When Neal called me that Thursday, there was a sense of urgency in his voice. He said, "I hate to ask you this, but I didn't know who else to ask. I feel strongly that I need to get Tillie to the retirement village this weekend. She has had a small stroke, and the doctors say you never know if there will be another one. My son won't be able to come for few weeks. Would you be able to help us move this weekend."
I told Neal that we would be over Sunday morning to help them move. Daddy and I got up early Sunday morning and were at Neal's place before 8 o'clock. When we looked at what needed to be moved and then looked at my pickup we began to wonder if we could get it all on. I knew that if anyone could it would be my Daddy.
DADDY TYING THE LOAD SECURELY
We were able to put in my little S-10 pickup, 2 beds, a large dresser, bedding, chairs, clothes, kitchen appliances, and a microwave. We were also able to find places for a number of cases of canned food they had. We definitely looked like Okie's and Arkie's. It made me think of the Grapes of Wrath or maybe the Beverly Hillbillies. As we left for the 200 mile trip to the retirement village, we had to stop at the first gas station with air to pump up the tires on my little truck. There was way more weight on the truck than it was designed for. We took it easy on the trip over, because the 4 cylinder engine had a hard time going more that 55 mph. As we drove, Neal kept me entertained with the story of how he and Tillie met, and the early years at La Vida Mission.
AT A REST STOP ALONG I-40
After about 4 hours we pulled into the Summit Ridge Retirement Village. Neal and Tillie were moving into a small but nice 1 bedroom apartment. Even though they wouldn't have the room they were used to and the wide open spaces, they would be so much safer with people nearby to help if there was a medical emergency. There was a beautiful church right across the street from their apartment.
NEAL UNLOADING THE PICKUP AT THE APARTMENT
The next morning, Neal and Tillie were going to drive into town to get some things at the grocery store. Before they had gone far they turned around and went back to the apartment because the roads were icing up. Before long they were completely iced in.
I was so thankful that Neal and Tillie were in a safe place where help was available if they needed it. Their place out in the woods was completely iced in, and there would have been no way to get help if they needed it. I think that God nudged Neal that Thursday and impressed him that he needed to be in a safe place before the ice storm hit. I believe that God is concerned with every detail of our lives, and that if we listen he will guide us. It was great to be able to help old friends and to feel that they had the security of being in a safe place.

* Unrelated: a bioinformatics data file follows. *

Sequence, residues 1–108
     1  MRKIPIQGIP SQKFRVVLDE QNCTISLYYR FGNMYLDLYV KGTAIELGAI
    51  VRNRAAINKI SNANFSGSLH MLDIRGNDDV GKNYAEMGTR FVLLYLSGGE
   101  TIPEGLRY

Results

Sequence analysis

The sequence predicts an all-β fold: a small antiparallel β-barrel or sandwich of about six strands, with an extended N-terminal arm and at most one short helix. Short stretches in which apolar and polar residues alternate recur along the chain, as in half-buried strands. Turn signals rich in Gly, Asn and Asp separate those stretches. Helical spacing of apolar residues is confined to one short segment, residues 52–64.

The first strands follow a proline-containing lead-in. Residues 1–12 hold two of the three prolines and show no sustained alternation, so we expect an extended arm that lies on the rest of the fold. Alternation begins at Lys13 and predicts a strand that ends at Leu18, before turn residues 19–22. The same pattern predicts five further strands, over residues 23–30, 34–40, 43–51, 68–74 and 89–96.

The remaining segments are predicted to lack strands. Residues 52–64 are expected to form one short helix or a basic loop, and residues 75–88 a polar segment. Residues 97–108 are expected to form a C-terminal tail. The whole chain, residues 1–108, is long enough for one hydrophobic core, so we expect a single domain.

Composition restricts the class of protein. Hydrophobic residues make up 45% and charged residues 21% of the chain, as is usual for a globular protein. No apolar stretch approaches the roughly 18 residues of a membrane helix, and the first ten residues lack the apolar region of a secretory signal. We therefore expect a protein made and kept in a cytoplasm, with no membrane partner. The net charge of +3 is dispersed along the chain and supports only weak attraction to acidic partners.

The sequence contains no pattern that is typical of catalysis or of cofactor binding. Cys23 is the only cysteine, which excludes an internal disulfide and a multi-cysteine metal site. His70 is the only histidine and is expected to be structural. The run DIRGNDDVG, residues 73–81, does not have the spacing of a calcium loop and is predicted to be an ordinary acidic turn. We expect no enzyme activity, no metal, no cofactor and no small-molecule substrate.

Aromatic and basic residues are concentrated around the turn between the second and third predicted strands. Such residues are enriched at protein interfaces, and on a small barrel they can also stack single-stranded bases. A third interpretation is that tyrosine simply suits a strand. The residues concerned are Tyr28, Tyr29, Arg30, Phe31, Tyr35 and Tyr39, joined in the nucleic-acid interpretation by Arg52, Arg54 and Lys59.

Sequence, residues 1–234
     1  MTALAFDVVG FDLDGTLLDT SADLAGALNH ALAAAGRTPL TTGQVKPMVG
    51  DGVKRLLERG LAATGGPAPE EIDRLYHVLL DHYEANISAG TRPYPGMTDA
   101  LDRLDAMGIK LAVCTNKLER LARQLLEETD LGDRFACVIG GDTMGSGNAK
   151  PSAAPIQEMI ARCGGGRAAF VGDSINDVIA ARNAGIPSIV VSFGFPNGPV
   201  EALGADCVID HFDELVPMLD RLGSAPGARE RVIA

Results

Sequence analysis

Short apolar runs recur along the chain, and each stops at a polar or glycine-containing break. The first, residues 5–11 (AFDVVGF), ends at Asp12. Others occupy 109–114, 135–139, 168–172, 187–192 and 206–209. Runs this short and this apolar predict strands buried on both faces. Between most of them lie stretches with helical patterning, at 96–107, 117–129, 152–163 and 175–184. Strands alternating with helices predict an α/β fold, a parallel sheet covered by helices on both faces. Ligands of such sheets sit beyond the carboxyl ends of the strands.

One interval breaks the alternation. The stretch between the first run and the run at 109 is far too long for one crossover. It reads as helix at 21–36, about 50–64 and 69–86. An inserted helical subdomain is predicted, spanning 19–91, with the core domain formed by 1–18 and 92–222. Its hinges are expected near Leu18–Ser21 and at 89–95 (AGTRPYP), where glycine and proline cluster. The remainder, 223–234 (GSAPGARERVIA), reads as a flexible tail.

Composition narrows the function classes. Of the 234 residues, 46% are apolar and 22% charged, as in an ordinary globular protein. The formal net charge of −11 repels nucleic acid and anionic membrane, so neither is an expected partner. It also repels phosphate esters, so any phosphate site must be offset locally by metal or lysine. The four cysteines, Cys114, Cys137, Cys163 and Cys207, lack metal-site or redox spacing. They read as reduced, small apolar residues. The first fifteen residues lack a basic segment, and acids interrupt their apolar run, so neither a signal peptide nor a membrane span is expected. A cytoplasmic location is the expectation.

Summit Ridge proved to be an excellent place for Neal and Tillie to live. Over the past two years Tillie has suffered from several strokes, but with help and medical facilities close by her time with Neal was extended. She fought a good fight, but finally last night her fight ended.
I have known Neal and Tillie for over 10 years. They moved to this area after he retired. He bought acreage in the middle of nowhere, Oklahoma where he and his family built a house. Neal would have been a great homesteader, as he is very self sufficient. He actually went to New Mexico as a young man to try and claim a homestead. He didn't get the homestead, but he did find Tillie. He and Tillie were instrumental in starting La Vida Mission for the Navajo people of northwestern New Mexico.
The property of La Vida Mission was once an abandoned trading post. In this one-room trading post, the little mission was born. School was held for six students in the crumbling, mice-infested building by Neal and Tillie, who lived in the school building with their two tiny sons, Steven and Tom. Each day Tillie drove the rutted reservation roads to pick up her students, then returned them to their hogans at the end of the day.
In December 1962 Tillie wrote, "Up on the bluff on the Mission grounds a road is taking shape, a 600- ft. well has been dug, and a pump installed. A 24x88-ft. two-room school building is being built according to specifications, with the foundation, floor and plumbing already finished.
"We here at the Mission so wanted a school this year that we relinquished our bedroom for the purpose. To date, we have nine students all busy learning English. Six are starting from scratch. We travel 35 miles daily to get these nine boys and girls. We could get many more, but our funds do not cover the expense of the gas required to traverse such distances, nor does our vehicle have what it takes to navigate these twisting, rutted, sandy-in-spots and muddy-at-times roads."
Neal and Tillie started their married life with a passion for missions and decided that they would follow wherever God led them. During over 40 years of ministry they worked in many places including Jamaica, Mexico and Africa. Neal was a printer by trade, and he managed printing presses in many places. Tillie was a school teacher and always found ways to help others wherever they were. She always had a special place in her heart for kids, from those Navajo Indians at La Vida Mission where her mission work started to the kids of Africa. Her and Neal adopted two children from Africa and brought them back to the U.S. when they retired.